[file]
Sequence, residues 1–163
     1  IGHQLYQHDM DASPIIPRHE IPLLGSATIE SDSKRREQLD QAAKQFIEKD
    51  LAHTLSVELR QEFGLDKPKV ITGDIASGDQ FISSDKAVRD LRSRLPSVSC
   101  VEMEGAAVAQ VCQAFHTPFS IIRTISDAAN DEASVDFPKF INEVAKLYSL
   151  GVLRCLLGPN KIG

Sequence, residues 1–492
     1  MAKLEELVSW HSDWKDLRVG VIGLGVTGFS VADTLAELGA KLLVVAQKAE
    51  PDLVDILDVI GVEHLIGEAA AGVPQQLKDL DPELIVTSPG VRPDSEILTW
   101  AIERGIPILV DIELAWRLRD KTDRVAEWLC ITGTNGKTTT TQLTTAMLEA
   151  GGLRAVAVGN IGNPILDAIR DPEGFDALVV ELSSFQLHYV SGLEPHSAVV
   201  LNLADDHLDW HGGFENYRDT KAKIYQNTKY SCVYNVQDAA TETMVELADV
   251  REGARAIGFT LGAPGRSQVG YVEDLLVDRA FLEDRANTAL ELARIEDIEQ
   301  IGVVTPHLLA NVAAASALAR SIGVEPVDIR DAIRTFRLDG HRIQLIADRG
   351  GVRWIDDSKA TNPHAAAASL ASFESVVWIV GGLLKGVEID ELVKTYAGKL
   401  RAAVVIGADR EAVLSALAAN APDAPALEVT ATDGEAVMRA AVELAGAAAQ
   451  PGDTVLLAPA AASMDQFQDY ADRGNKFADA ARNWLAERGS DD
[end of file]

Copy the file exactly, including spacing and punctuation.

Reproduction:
Sequence, residues 1–163
     1  IGHQLYQHDM DASPIIPRHE IPLLGSATIE SDSKRREQLD QAAKQFIEKD
    51  LAHTLSVELR QEFGLDKPKV ITGDIASGDQ FISSDKAVRD LRSRLPSVSC
   101  VEMEGAAVAQ VCQAFHTPFS IIRTISDAAN DEASVDFPKF INEVAKLYSL
   151  GVLRCLLGPN KIG

Sequence, residues 1–492
     1  MAKLEELVSW HSDWKDLRVG VIGLGVTGFS VADTLAELGA KLLVVAQKAE
    51  PDLVDILDVI GVEHLIGEAA AGVPQQLKDL DPELIVTSPG VRPDSEILTW
   101  AIERGIPILV DIELAWRLRD KTDRVAEWLC ITGTNGKTTT TQLTTAMLEA
   151  GGLRAVAVGN IGNPILDAIR DPEGFDALVV ELSSFQLHYV SGLEPHSAVV
   201  LNLADDHLDW HGGFENYRDT KAKIYQNTKY SCVYNVQDAA TETMVELADV
   251  REGARAIGFT LGAPGRSQVG YVEDLLVDRA FLEDRANTAL ELARIEDIEQ
   301  IGVVTPHLLA NVAAASALAR SIGVEPVDIR DAIRTFRLDG HRIQLIADRG
   351  GVRWIDDSKA TNPHAAAASL ASFESVVWIV GGLLKGVEID ELVKTYAGKL
   401  RAAVVIGADR EAVLSALAAN APDAPALEVT ATDGEAVMRA AVELAGAAAQ
   451  PGDTVLLAPA AASMDQFQDY ADRGNKFADA ARNWLAERGS DD